Thomasville’s Zorn has a lot of experience in the economic development business. That makes it worth noting when she says, “2014 was the best year I’ve seen in the 15 years I’ve been in economic development, and this year looks even better. We already have 13 existing industries expanding in 2015, adding 700 new jobs. We love new industry, but the key to our growth is our existing industries and fortunately they are doing well. You can most definitely tell the economy is getting better.”
With 120 existing industries of all types, Thomas County enjoys a more diverse economy than many of its Southwest Georgia neighbors. “Agriculture is really big here, and it has done well in recent years,” says Zorn, “but we also have a variety of companies in a variety of sizes, all the way from a three-person manufacturer to baking giant Flowers Foods, which has its headquarters and a bakery right here in Thomasville.”
In addition to its growing existing industry, Zorn says she’s excited to have a new 293-acre industrial park to help lure new business. “I’ve already got four really good prospects interested in sites in the park,” she says.
Others in the region are reporting similar good news.
With a deal-closing fund in hand and a rebranding campaign underway, Albany’s Justin Strickland is looking forward to a busy future.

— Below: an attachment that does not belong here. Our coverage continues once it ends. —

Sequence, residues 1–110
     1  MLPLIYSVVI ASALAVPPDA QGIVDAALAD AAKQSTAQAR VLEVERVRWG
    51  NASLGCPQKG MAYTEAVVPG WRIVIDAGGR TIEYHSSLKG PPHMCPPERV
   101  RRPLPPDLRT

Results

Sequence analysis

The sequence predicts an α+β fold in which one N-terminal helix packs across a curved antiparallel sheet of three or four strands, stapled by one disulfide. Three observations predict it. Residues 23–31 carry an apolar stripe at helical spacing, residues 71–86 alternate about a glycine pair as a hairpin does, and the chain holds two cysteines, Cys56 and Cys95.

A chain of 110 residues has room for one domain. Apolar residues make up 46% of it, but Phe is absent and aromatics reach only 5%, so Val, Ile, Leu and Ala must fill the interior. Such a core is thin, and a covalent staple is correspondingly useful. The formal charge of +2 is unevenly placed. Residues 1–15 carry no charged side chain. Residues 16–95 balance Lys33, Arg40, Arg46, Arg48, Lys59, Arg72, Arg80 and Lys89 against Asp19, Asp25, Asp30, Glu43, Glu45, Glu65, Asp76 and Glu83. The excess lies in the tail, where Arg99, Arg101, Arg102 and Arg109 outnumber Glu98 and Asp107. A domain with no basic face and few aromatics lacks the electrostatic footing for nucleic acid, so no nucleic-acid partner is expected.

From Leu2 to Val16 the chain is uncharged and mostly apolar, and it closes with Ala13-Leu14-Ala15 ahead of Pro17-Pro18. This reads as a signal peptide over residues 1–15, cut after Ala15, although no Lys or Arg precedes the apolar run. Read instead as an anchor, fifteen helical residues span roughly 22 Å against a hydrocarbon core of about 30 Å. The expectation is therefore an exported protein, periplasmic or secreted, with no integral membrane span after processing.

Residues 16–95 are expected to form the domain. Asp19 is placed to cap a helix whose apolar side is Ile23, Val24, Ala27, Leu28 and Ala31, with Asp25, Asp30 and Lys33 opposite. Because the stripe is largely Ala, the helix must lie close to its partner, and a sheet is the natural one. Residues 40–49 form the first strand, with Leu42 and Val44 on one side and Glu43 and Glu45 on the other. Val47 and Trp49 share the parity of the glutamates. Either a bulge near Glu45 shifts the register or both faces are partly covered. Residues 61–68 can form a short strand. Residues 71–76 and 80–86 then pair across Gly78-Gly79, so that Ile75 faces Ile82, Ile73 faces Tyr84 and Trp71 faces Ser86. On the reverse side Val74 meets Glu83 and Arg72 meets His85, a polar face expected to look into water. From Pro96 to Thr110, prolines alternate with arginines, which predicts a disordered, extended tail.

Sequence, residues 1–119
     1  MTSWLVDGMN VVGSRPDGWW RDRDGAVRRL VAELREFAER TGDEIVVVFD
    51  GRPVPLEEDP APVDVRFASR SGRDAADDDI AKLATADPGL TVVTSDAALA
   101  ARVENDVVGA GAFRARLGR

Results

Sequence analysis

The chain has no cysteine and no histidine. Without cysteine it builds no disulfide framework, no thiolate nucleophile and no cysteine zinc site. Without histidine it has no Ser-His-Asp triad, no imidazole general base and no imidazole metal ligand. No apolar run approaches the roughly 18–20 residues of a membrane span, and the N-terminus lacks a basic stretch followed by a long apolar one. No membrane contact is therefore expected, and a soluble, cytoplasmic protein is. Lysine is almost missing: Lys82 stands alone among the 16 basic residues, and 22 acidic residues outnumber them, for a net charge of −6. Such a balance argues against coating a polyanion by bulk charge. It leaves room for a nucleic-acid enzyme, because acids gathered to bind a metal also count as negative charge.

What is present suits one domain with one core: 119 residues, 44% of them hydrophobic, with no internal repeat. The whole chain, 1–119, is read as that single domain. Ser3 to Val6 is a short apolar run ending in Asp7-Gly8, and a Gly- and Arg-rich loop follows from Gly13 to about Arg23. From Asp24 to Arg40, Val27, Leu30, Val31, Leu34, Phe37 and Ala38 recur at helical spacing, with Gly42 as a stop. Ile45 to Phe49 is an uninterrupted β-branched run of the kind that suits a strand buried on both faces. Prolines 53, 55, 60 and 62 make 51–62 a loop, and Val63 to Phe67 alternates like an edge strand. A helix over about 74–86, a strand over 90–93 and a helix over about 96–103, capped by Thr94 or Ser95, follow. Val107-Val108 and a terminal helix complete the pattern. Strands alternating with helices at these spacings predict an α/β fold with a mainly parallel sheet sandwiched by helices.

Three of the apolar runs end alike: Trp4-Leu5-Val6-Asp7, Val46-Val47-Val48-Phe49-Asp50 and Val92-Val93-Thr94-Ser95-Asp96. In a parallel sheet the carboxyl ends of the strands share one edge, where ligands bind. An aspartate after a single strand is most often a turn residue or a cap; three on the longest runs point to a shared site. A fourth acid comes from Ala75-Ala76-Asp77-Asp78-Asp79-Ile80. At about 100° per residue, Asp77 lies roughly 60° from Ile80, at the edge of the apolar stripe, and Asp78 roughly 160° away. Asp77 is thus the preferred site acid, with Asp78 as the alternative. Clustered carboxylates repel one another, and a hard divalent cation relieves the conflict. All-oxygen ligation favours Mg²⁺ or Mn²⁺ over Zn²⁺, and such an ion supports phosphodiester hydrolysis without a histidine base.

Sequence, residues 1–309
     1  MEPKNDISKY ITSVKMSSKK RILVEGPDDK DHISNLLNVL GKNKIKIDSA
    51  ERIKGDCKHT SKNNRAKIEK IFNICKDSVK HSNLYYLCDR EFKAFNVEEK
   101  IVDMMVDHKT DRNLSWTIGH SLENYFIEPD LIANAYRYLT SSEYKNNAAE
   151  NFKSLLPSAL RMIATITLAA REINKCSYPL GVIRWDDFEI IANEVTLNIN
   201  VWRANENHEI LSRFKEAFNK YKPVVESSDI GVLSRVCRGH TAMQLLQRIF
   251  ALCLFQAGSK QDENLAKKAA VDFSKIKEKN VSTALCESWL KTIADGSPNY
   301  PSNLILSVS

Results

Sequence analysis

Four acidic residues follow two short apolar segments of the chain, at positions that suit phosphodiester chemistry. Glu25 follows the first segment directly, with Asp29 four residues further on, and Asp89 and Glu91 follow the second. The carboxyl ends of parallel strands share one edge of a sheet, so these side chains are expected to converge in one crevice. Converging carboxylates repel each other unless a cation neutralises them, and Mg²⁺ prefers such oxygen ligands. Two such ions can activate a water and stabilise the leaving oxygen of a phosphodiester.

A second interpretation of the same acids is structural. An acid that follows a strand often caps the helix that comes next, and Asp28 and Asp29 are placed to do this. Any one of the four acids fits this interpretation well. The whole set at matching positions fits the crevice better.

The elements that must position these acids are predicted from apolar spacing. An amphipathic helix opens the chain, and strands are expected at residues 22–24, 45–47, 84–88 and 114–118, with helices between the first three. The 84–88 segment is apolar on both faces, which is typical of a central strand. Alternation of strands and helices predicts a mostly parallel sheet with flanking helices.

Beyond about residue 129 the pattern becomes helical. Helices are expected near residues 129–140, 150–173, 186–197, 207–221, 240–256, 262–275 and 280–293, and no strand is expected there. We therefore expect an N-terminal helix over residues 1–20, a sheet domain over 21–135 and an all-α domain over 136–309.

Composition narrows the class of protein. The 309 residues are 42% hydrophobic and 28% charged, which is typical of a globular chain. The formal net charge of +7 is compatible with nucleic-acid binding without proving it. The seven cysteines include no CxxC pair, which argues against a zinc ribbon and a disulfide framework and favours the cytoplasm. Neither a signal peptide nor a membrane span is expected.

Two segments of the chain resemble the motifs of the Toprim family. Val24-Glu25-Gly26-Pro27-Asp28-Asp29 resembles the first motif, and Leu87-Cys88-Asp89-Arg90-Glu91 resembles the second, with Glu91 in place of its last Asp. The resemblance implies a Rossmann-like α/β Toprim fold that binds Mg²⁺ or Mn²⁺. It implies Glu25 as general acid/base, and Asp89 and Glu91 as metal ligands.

“We have a great pipeline of projects,” says Strickland, president of the Albany-Dougherty Economic Development Commission. “We’ve been busy laying the groundwork for a productive 2015 and are already starting to see retail coming back.”
Strickland says the first phase of a community-wide rebranding campaign has been completed, and “we have seen some very positive traction in trying to make everyone who lives here an economic developer.” He says the campaign’s goal is to encourage residents to have pride in their community, thereby making them part of the team selling Albany as a good place to live and do business.
A key tool for recruitment is the job investment fund announced last year by the city of Albany and the economic development commission. The first project through the fund is a $200,000 grant for agricultural aircraft manufacturer Thrush Aircraft to expand production at its Southwest Georgia Regional Airport facility.
“They’ll be creating over 100 new jobs as they expand their production line so they can build larger aircraft,” Strickland says.